CLEARWATER, Fla. — Joe Girardi, for the first time as Phillies manager, will address his team Wednesday morning before the pitchers and catchers shuffle out of the team’s spring-training clubhouse for their first workout of camp.

And the message, Girardi said, will be brief. He’ll set expectations, detail workloads, and outline what the group can expect over the six weeks of spring training.

“I don’t want to bore the pitchers and catchers because they’re here long enough,” he said Monday.

A good portion of Girardi’s crowd Wednesday morning will be pitchers who are trying to secure one of the final spots on the Phillies roster — veterans trying to hang on and prospects trying to crack the majors. The manager has a message for them, too.

“This is a time of preparation,” Girardi said. “It’s a time of competition, too, but the competition does not start tomorrow. It’s a chance for the players to get in shape and prepare to compete.”

The Phillies appear to begin spring training with one vacancy in their starting rotation and two in their bullpen. There are four pitchers vying for the last remaining rotation spot and even more jockeying for the last spots in the eight-man bullpen. The competition might not begin Wednesday, but it’s not too far off from starting.

Phillies manager Joe Girardi, right, lends a hand on the field Tuesday at the Phillies training facility in Clearwater, Fla.
DAVID MAIALETTI / Staff Photographer
Phillies manager Joe Girardi, right, lends a hand on the field Tuesday at the Phillies training facility in Clearwater, Fla.

Here’s a look at the races:

Starting rotation

Favorites: Aaron Nola, Zack Wheeler, Jake Arrieta, and Zach Eflin.

Contenders: Vince Velasquez, Nick Pivetta, Cole Irvin, and Ranger Suarez.

The season will likely be defined by what the Phillies can get from starting pitchers not named Nola or Wheeler. The two starters at the top of the rotation will be responsible for roughly 40% of the team’s starts, while the rest are handled by pitchers who enter Clearwater with questions. How those questions are answered should decide whether the Phillies contend for their first postseason berth since 2011.

Pitchers Aaron Nola (left) and Zack Wheeler talk on the field on Tuesday.
DAVID MAIALETTI / Staff Photographer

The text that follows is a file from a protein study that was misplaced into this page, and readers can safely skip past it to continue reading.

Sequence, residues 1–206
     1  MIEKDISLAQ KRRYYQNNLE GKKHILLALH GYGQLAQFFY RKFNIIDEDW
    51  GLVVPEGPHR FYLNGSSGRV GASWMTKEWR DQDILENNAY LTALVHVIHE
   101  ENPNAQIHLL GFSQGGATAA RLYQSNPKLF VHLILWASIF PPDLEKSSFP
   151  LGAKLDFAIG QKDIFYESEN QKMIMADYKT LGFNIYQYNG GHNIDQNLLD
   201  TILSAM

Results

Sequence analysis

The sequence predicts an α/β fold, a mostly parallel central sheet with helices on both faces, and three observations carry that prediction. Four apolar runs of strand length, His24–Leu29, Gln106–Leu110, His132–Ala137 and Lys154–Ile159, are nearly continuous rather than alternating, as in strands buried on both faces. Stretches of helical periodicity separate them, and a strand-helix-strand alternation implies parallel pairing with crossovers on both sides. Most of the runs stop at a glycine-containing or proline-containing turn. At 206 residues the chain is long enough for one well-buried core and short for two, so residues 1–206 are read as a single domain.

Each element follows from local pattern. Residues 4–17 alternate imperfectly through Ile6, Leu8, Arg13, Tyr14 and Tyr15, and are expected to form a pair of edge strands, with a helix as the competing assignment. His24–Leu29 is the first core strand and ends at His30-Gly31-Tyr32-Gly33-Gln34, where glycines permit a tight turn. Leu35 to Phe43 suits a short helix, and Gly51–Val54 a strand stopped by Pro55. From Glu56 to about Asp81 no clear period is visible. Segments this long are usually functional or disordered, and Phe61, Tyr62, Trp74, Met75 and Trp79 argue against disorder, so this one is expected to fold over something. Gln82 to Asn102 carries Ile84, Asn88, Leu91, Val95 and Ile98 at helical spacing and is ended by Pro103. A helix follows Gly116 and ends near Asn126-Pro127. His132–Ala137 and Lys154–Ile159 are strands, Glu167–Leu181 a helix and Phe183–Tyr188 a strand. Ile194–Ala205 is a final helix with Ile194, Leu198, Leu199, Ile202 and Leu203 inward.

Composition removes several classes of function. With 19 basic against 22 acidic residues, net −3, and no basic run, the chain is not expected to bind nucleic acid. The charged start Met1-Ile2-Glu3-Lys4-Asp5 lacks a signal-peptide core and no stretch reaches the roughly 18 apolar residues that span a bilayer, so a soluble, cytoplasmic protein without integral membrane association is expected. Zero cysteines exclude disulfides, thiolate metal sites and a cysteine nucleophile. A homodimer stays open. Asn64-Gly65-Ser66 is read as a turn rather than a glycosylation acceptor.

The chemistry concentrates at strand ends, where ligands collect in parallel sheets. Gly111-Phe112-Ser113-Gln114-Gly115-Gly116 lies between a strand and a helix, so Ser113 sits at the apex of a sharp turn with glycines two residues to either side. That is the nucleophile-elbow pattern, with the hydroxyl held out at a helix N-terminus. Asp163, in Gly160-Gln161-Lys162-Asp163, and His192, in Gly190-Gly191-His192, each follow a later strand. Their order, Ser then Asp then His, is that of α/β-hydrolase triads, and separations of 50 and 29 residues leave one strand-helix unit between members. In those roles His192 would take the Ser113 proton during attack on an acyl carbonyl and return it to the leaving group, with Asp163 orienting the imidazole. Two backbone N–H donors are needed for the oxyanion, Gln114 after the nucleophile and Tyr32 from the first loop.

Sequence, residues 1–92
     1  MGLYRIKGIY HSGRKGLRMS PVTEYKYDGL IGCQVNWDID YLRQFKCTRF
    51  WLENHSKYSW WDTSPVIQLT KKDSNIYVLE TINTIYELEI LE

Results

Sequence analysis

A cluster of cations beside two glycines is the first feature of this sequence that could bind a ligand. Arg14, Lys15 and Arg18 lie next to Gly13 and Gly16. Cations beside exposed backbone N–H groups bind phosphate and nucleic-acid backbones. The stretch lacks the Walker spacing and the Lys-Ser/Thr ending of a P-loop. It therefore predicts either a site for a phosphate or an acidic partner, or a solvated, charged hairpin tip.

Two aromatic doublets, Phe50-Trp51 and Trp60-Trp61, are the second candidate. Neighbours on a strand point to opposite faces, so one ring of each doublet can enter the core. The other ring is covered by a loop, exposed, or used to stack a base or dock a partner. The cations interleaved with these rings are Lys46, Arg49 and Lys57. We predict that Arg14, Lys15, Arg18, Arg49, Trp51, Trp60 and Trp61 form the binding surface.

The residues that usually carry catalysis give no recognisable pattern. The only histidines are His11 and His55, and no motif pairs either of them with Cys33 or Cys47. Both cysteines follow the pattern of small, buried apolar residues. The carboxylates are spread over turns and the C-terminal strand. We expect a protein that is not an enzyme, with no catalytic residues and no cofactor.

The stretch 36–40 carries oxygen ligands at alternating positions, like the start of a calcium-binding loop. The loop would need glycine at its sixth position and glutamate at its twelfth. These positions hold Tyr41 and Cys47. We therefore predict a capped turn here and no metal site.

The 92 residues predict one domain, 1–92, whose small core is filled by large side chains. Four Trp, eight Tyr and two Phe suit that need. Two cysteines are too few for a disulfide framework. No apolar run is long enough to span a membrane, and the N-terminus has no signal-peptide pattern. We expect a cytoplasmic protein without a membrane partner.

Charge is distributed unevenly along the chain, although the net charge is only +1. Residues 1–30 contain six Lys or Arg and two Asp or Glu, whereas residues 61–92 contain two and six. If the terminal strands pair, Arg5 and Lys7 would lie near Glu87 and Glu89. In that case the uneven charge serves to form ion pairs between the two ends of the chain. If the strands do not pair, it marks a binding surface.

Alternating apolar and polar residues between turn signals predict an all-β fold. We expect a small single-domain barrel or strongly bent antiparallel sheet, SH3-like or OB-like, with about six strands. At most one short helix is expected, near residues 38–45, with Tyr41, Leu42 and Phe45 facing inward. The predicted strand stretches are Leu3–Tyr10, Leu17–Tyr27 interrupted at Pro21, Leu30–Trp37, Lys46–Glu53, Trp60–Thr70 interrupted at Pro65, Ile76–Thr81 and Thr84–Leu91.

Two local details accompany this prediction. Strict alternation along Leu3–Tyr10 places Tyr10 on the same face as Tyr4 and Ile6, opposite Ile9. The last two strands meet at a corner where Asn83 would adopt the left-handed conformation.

Pitchers Aaron Nola (left) and Zack Wheeler talk on the field on Tuesday.

The Phillies did not add a starting pitcher after signing Wheeler in December, leading them to have an internal competition for the final spot in the rotation. They have not publicly assured Eflin of his place, but it’s hard to imagine them not keeping the right-hander in the rotation after he posted a 2.83 ERA in his final seven starts of 2019.

The real contenders for the No. 5 spot are likely Velasquez and Pivetta, with one of the two transitioning during camp to a relief role. But it might not be wise to discount Suarez, whom Girardi has repeatedly praised this offseason. He is left-handed, pitched well last season as a reliever, and throws in the low-90s, which Girardi likes as Suarez presents a different look from the other starters. He’ll have a chance this spring.

Spencer Howard, the team’s top pitching prospect, will be in camp, but Girardi said Tuesday that the right-hander will be on an innings limit this season. Howard should reach the majors in 2020, but it’s unclear how the Phillies will use him.


Favorites: Hector Neris, Jose Alvarez, Seranthony Dominguez, Adam Morgan, Tommy Hunter, and Pivetta or Velasquez.

Contenders: Anyone with a live arm in the Clearwater area.

Hunter took a physical Tuesday morning in Clearwater and will have a major-league deal if all goes well. His deal — the only major-league contract the Phillies gave to a reliever this winter — puts him on the roster. Morgan and Dominquez are expected to be healthy after suffering injuries last season, but nothing is guaranteed. Pivetta and Velasquez each worked last season as a reliever, and one of them will return to the bullpen once the rotation is set.

Tommy Hunter tosses a ball at Spectrum Field.
JOSE F. MORENO / Staff Photographer
Tommy Hunter tosses a ball at Spectrum Field.

That leaves the eight-man bullpen with two openings. The Phillies added three relievers — Robert Stock, Deolis Guerra, and Reggie McClain — this offseason through waiver claims, and signed six veteran relievers this winter to minor-league deals, effectively turning their bullpen competition into an open tryout. Some of the pitchers, such as Drew Storen and Bud Norris, did not pitch in the majors last season. Others, such as Francisco Liriano, pitched well last season while others — such as Anthony Swarzak, Blake Parker, and Trevor Kelley — had mixed results.

The Phillies scoured the margins for relief help, hoping one or two show enough this spring to crack the opening-day roster. But the real intrigue in Clearwater could be with the prospects who were invited to camp. Pitchers such as Garrett Cleavinger, Connor Brogdon, Addison Russ, and Damon Jones might not be in Miami for the season opener, but they could reach the majors in 2020.

Cleavinger struck out 14.5 batters per nine innings last season, which was enough for the Phillies to add him to the 40-man roster in December. Brogdon, Russ, and Jones all struck out more than 10 batters per nine innings and come to Clearwater as nonroster invitees. The Phillies have struggled recently to develop starting pitching, but they suddenly have a cast of relief prospects with impressive strikeout rates.

They should find out this season how those strikeout numbers translate to the major leagues. But first, they’ll let the prospects compete in Clearwater.